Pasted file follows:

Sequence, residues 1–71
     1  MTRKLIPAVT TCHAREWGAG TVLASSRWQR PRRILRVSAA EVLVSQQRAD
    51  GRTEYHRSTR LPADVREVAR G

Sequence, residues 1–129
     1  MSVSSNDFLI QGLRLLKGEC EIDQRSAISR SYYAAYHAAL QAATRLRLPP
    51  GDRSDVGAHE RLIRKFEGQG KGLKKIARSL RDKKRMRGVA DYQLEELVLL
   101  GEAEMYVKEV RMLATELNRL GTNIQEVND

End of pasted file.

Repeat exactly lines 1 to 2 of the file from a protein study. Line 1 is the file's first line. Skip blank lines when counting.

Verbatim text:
Sequence, residues 1–71
     1  MTRKLIPAVT TCHAREWGAG TVLASSRWQR PRRILRVSAA EVLVSQQRAD